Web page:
Robert Hooke wrote to Leeuwenhoek that King Charles saw the little animals in pepper water

April 28, 1678

Hooke dated the letter in Old Style; it was April 18 in London.

Four years later, Leeuwenhoek responded in Letter 36 of 1682-04-04 (AB 68) with a quotation from Hooke's letter and a long response.


Copy found in Royal Society's Letter Book Original, supplement 4 GH, pp. 373-75

Answer to Mr. Leeuwenhoek's Letter of Jan: 14: on Animalcula: with some account of the Structure of a Muscle in Crabs, Lobsters, &c.

April 18: 1678


Having not heard from you since I returned you mine together with the thanks of the Royal Society for your excellent Communications, makes me suspect the miscarriage thereof: and this the more, because by a Letter of yours which pass'd thro' my hands to Dr. Grew I found no mention thereof. I do here therfore again reassure you of the very kind acceptance and thanks of the Royal Society for your Letter of the 14th of January last. And together with them I have sent you the translate thereof into our Language, together with some few Observations and Collections of my own: which I had sent sooner, if I could have found an opportunity of conveying them.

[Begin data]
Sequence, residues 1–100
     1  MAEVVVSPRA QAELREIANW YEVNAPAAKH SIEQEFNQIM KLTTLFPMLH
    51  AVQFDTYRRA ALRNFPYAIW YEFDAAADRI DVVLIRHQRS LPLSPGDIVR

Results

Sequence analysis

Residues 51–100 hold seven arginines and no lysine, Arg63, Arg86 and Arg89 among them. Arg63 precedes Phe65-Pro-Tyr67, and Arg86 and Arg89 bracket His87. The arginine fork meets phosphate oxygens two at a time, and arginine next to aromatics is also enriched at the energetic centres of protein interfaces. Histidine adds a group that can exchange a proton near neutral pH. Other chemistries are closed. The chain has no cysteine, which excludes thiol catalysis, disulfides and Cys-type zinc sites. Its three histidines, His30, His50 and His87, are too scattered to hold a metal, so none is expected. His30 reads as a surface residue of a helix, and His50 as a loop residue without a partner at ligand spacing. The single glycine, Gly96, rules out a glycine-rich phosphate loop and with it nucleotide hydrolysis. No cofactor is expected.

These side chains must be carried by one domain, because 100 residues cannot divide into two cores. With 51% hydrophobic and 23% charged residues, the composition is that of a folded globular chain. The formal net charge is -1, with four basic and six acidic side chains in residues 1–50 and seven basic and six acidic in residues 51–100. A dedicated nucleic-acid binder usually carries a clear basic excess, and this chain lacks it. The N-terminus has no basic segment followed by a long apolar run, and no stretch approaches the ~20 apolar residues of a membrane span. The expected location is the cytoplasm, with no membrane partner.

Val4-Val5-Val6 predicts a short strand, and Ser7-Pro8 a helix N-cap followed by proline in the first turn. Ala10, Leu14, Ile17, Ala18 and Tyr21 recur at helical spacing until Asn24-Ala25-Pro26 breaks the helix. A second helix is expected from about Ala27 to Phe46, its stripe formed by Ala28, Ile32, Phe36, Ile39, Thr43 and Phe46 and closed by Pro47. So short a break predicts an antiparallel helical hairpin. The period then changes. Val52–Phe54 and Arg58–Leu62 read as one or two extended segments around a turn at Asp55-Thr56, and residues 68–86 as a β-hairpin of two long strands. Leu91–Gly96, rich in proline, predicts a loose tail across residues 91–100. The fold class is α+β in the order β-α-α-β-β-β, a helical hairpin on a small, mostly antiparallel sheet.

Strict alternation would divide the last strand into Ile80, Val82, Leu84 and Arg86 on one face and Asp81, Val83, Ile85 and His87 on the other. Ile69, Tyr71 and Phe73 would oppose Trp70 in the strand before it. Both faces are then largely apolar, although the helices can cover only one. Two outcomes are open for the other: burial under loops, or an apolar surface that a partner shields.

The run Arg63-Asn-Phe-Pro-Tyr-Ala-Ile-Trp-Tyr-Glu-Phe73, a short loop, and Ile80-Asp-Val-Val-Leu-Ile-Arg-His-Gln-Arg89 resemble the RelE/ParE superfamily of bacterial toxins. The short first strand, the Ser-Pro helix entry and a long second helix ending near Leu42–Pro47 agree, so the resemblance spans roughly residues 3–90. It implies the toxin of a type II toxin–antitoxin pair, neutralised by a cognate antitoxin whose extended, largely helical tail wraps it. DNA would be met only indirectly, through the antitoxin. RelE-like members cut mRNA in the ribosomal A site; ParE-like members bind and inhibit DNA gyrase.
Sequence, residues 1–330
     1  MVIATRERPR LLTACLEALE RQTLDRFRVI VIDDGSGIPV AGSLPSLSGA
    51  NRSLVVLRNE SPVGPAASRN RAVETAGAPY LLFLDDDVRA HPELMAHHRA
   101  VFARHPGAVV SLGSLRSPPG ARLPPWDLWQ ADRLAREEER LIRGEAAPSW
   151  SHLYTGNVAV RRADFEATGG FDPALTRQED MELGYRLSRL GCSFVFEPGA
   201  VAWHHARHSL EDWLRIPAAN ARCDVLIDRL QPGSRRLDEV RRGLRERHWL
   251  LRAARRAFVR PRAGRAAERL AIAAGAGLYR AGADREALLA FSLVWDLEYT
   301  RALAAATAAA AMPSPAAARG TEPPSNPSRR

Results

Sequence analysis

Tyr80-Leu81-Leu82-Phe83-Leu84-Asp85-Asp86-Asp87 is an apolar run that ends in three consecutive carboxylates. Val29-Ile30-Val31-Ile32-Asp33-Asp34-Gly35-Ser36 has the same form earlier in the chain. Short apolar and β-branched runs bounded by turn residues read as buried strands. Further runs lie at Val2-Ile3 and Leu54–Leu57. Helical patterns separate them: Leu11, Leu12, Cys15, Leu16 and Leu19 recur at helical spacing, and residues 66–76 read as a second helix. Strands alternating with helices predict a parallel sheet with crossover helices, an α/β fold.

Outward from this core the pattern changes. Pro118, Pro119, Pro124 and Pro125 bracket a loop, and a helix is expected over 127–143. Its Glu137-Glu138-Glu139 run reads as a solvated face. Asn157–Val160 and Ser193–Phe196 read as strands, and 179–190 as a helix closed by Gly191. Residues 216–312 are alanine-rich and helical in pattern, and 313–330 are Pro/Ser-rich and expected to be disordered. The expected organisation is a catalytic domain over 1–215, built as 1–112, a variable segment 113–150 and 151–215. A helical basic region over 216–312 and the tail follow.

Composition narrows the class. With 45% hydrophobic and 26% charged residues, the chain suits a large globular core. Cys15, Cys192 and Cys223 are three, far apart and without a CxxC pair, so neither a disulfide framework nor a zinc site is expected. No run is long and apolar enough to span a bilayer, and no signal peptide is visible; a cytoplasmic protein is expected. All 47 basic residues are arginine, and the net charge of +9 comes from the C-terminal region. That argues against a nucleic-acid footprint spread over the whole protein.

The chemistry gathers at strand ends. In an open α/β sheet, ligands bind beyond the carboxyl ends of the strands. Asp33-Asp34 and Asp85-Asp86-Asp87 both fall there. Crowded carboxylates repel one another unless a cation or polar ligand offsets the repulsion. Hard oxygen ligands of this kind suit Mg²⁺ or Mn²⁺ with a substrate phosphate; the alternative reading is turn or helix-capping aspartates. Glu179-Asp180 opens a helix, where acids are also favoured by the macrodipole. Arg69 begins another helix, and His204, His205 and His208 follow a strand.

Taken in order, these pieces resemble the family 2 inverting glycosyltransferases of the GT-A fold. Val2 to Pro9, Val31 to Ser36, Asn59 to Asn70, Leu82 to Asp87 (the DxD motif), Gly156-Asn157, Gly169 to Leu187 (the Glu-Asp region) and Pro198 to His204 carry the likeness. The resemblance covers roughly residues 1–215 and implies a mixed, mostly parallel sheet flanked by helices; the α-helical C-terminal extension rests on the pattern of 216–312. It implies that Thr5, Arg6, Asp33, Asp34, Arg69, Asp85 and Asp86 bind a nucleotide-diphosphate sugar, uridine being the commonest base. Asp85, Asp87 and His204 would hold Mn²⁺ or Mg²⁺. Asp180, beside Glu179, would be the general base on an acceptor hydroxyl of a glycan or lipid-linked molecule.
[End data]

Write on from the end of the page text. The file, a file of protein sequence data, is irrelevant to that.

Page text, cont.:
The Prospect of these small Animals have given great Satisfaction to all Persons that have view'd them. His Majesty having been acquainted with it, was desirous to see them, and very well pleased with the Observation, & mention'd your Name at the same time. I know not whether any of these ways I have here made use of for the discovery of them may be in any thing like those with which you make your Observations. But I have two or three other ways, which I shall shortly communicate, that do far exceed those I have here mention'd.

About a month since I shew'd the Society the Fabrick and Composition of a Muscle: some mention of which you will find in the inclosed Treatise, but not what it was. I shall, that I may not prepossess your Judgment, only mention to you, that the muscles that I chose were those of Crabs, Lobsters, Crawfish or Prawns & those especially of the great Claws. If you examine them, I am sure you will find a Fabrick which will very much please you: and I doubt not but your Opinion and Observations will very much confirm mine: which when you have examined I would willingly understand.

I have not as yet settled my affairs so well as to prosecute the business of Correspondence for the Royal Society so fully as I determine to do; which when I have, I shall have much better opportunity to gratify your Curiosity with some more pleasing Communications. In the mean time what occurs to my own Observation, that I conceive may not be unacceptable, shall be sent you by

S.r Yrs &c   R.H.